Phimister, J.R., Oktem, U., Kleindorfer, P.R., and Kunreuther, H., “Near-miss incident management in the chemical process industry,” Risk Analysis, 23(3), 445–459 (2003).
-By Ankur Pariyani , PhD, Ulku G. Oktem, PhD, and Deborah L. Grubbe, PE, Near-Miss Management LLC; Edited by Mark T. Hoske, content manager, CFE Media, Control Engineering and Plant Engineering, mhoske(at)cfemedia.com.
Ankur Pariyani, PhD (corresponding author), is co-founder and chief technology officer of Near-Miss Management LLC, where he focuses on product development and innovation. He has authored several papers on risk analysis. Within the Near-Miss Management research team, he has developed breakthrough engineering techniques for identifying critical near-misses and predicting incidents in plants, setting a strong conceptual foundation for future growth. He holds a PhD and M.S. from the University of Pennsylvania and a B. Tech from the Indian Institute of Technology in Guwahati, all in chemical engineering.
Ulku Oktem, PhD, is co-founder and president of Near-Miss Management LLC, where she oversees product development and operations. She also serves as adjunct professor at the Operations and Information Management Department and as senior research fellow at the Risk Center of the Wharton School of the University of Pennsylvania. She holds a PhD in chemical engineering from the University of Delaware, M.S. from the Clarkson College, and B.S. from the Middle East Technical University. Dr. Oktem is globally recognized as a leading expert and researcher in the area of near-miss management systems. Her research has received international recognition and in-depth coverage in several academic journals and other publications. Prior experience includes managing product development and manufacturing of various specialty chemicals at Rohm & Haas Co. She also set up her own consulting company providing safety, health, and environmental training services to Fortune 500 companies.
Deborah L. Grubbe, PE, is chief marketing officer of Near-Miss Management LLC and is owner and president of Operations and Safety Solutions LLC, a consultancy that specializes in process safety leadership and safety culture. She is the former vice president of group safety for BP plc, which had its two safest years under her watch. Grubbe worked 27 years at DuPont, where she held corporate director positions in safety, operations, and engineering. Assignments included capital project implementation, process safety implementation, strategic safety assessments, manufacturing management, and human resources. From 2003-2012, Deborah served as a member of the NASA Aerospace Safety Advisory Panel, and was a consultant on safety culture to the Columbia Shuttle Accident Investigation Board. In May 2012, she received the NASA Exceptional Public Service Medal from NASA Administrator Charles Bolden. Deborah serves on the Purdue University College of Engineering Dean’s Advisory Council. She is an emeritus member of the Center for Chemical Process Safety and has worked with the National Academy of Sciences to support the Demilitarization of the U.S. chemical weapons stockpile. Deborah is a former member of the board of directors of American Institute of Chemical Engineers (AIChE), and is the current chair of the AIChE Institute for Sustainability. In 2002, she received the Purdue Distinguished Engineering Alumni Award, and was named “Engineer of the Year” in the State of Delaware. In May 2010, Deborah was awarded an Honorary Doctorate in Engineering from Purdue University.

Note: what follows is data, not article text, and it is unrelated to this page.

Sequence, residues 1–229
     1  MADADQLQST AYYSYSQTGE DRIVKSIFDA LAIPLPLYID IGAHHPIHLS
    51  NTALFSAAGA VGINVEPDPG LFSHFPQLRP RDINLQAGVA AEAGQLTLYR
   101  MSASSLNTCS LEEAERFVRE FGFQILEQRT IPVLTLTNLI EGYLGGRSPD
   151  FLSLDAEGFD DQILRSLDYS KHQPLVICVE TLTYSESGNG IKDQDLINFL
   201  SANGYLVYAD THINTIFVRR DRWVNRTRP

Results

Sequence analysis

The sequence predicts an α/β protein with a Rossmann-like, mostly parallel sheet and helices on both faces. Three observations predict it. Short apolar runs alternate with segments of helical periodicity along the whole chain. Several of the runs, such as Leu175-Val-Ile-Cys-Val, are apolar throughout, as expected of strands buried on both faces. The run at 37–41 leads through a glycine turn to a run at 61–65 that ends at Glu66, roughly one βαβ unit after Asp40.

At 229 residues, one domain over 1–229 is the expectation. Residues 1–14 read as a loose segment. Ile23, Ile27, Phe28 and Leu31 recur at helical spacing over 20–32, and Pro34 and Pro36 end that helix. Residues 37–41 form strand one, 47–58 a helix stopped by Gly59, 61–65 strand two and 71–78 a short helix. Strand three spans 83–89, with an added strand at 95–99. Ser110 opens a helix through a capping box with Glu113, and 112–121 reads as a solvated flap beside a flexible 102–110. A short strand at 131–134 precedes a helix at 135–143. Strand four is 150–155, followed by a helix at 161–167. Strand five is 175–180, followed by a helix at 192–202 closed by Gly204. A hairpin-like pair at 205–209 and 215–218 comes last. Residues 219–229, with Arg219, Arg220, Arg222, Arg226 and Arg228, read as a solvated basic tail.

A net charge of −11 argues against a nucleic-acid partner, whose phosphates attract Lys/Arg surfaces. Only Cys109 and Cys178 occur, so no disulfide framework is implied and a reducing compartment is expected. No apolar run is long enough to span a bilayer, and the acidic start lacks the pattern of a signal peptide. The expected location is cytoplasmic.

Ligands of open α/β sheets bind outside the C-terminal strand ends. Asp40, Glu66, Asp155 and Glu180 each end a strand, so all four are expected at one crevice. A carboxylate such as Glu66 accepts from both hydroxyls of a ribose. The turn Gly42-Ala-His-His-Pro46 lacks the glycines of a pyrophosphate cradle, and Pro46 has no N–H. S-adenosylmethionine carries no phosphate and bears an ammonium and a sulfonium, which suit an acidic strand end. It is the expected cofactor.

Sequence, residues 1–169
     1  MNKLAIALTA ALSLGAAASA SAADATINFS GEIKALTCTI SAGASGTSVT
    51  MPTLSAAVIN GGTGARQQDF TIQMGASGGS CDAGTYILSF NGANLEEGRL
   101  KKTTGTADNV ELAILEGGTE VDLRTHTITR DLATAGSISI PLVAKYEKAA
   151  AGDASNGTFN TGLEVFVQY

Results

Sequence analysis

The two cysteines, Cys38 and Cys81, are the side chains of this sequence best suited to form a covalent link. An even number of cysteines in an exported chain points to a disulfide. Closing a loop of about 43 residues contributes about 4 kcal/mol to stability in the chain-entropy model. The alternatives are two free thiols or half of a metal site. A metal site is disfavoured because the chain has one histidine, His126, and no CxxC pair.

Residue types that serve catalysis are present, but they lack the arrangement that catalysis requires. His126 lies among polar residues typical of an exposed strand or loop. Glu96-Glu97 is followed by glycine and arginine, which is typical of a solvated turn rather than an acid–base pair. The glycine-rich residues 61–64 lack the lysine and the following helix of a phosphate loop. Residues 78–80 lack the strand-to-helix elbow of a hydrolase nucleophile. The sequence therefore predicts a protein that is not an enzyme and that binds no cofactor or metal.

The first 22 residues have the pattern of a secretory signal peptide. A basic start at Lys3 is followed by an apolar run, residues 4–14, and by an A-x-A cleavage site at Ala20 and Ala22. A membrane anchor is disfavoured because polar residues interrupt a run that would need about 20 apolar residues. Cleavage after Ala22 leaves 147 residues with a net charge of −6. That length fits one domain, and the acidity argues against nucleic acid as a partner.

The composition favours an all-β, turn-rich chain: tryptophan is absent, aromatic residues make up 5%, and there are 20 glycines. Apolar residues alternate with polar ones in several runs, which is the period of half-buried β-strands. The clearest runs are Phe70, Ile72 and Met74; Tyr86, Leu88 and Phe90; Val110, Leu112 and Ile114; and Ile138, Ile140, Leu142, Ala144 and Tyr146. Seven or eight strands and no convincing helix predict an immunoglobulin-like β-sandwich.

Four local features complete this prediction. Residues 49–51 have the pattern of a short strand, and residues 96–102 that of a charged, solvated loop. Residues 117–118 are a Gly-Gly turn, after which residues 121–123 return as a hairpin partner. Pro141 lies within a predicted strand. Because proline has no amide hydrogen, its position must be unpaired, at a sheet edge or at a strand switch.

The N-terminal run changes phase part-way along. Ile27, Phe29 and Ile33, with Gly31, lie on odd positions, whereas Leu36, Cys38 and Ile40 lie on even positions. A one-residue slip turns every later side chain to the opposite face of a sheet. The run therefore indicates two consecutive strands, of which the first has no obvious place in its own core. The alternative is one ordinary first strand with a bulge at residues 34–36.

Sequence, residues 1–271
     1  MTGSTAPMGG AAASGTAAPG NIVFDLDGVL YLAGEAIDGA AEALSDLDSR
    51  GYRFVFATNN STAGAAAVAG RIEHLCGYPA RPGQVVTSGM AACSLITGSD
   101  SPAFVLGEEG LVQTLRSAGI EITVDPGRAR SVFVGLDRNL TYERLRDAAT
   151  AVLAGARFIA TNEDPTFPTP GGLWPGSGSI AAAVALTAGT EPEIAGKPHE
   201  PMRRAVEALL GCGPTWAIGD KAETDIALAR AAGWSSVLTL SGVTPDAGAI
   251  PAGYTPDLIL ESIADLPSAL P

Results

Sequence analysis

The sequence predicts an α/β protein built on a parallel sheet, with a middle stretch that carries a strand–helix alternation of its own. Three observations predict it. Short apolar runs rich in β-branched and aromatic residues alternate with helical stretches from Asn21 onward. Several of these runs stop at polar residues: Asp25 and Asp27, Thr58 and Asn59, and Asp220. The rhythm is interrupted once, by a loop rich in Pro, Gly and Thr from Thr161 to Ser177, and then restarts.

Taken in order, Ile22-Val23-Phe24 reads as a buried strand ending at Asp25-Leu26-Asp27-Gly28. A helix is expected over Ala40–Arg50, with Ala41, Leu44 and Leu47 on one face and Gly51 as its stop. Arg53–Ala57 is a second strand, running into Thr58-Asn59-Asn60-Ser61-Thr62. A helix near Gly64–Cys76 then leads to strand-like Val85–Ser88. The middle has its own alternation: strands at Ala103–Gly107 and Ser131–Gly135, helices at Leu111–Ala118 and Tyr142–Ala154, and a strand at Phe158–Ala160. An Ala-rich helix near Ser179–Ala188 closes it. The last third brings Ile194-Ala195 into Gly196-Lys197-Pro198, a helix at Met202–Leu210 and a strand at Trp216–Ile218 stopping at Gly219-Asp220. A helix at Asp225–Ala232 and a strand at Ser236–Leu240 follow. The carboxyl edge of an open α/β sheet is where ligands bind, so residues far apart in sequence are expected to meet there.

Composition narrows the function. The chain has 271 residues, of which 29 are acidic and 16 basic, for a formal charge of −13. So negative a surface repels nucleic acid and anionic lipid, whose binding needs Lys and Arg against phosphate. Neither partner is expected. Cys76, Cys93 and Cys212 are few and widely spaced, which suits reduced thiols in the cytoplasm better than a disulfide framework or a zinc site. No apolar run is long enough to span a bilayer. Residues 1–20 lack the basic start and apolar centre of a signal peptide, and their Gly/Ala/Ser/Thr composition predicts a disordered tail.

See article about how Near-Miss Management LLC's commercial software, Dynamic Risk Analyzer, analyzes process and alarm data to dynamically determine risks of continuous processes.
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2012 Salary Survey
In a year when manufacturing continued to lead the economic rebound, it makes sense that plant manager bonuses rebounded. Plant Engineering’s annual Salary Survey shows both wages and bonuses rose in 2012 after a retreat the year before.
Average salary across all job titles for plant floor management rose 3.5% to $95,446, and bonus compensation jumped to $15,162, a 4.2% increase from the 2010 level and double the 2011 total, which showed a sharp drop in bonus.